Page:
When Dodie Kazanjian commented on Babs Simpson’s eye for style in an interview for the book Vogue: The Editor’s Eye, Simpson remarked, “It’s something one doesn’t think about. You just do it.” Simpson may be humble about her successes, but her work – beautiful, honest and reflective – can’t go unnoticed.
Born in 1913 as Beatrice Crosby de Menocal, Simpson spent the first six months of her life in Beijing. Her father was an international banker, and her mother was a socialite; both were fluent in Mandarin, and worked as unofficial interpreters of the Chinese court. The family lived in Chile for nine years before settling down in Boston in 1923.
As a certifiable “blue blood,” Simpson attended private schools and frequently traveled to Paris with her mother and grandmother. She was influenced by fashion designer Jane Derby from a young age. Derby’s classically sophisticated garments would have a lasting affect on Simpson’s personal style – she thought the designs were “glamorous and exciting,” qualities that were constantly present in Simpson’s understand black clothes and bold jewelry.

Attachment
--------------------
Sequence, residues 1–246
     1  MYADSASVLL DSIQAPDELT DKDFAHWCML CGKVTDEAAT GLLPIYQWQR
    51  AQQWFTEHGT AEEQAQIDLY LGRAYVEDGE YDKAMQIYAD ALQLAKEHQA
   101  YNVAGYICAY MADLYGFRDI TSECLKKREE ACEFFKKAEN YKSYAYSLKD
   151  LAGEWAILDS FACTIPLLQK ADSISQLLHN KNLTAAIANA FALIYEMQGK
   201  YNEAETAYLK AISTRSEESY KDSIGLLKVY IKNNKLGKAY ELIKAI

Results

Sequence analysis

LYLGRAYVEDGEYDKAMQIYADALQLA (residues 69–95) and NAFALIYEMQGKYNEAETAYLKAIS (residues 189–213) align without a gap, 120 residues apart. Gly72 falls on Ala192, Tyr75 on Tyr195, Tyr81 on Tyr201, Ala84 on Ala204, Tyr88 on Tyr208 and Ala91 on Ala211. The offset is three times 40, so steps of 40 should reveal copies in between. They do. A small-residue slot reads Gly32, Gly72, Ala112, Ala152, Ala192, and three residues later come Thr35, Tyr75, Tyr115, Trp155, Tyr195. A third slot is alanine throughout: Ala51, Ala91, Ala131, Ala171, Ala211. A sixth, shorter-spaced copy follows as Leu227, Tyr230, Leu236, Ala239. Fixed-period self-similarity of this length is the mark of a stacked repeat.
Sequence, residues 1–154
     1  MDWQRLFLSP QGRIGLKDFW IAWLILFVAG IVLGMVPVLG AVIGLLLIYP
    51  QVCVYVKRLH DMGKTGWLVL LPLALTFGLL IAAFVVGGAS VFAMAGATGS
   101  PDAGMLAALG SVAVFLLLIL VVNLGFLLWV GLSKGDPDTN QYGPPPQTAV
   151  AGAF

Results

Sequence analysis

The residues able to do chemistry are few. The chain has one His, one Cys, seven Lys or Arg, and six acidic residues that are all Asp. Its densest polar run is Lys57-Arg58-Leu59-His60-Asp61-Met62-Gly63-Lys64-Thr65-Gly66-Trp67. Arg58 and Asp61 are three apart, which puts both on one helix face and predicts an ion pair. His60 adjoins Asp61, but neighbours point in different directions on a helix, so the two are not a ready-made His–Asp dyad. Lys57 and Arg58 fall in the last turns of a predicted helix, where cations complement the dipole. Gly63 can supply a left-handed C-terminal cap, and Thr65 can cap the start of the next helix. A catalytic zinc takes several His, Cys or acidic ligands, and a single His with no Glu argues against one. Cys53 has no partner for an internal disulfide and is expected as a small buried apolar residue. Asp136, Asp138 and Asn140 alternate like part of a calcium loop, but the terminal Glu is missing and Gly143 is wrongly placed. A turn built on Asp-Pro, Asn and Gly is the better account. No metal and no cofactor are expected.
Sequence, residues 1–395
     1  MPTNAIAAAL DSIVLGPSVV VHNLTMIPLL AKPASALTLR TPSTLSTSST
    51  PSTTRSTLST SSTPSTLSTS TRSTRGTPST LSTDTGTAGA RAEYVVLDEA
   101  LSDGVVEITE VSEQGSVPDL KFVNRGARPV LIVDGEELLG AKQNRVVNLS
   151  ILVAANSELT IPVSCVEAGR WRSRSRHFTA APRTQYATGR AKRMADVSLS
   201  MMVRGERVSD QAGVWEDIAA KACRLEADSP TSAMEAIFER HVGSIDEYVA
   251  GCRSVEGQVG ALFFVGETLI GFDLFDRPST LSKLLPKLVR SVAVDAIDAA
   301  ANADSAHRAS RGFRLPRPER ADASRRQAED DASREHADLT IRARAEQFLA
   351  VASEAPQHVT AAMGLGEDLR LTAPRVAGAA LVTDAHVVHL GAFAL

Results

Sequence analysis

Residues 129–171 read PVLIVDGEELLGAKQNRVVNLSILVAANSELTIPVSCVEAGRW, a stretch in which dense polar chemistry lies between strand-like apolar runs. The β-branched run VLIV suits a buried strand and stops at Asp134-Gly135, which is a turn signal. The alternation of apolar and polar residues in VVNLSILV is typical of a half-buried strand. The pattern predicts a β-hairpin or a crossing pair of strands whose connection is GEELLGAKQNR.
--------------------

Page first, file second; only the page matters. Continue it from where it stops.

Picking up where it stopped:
Simpson’s road to fashion was delayed. She didn’t start working until she divorced her husband when she was 29. She was always interested in style and how people dressed, but she was hesitant to get too involved in fashion. She held a short stint at Harper’s Bazaar before she began running photographer Jerry Plucer’s studio. She was offered a job again at Bazaar, and worked there for two years before she replaced Barbara “Babe” Cushing as Fashion Editor of Vogue. Simpson worked for Vogue magazine for the next two decades, traveling the world and styling photo shoots for the most famous photographers of the time.
She quickly became known for her modern, minimalist style. She had a great relationship with photographers, partly because she knew when to step in and when to let the photographer do his work. She worked closely with photographer Irving Penn; in turn, Penn worked with her almost exclusively. Together, they created some of the magazine’s best-known images.
Now 100 years old, Simpson is as modest as ever. In a take out from the HBO documentary The Editor’s Eye, the interviewer asks her what she would like her legacy to be. “I would rather not have one,” Simpson replies.
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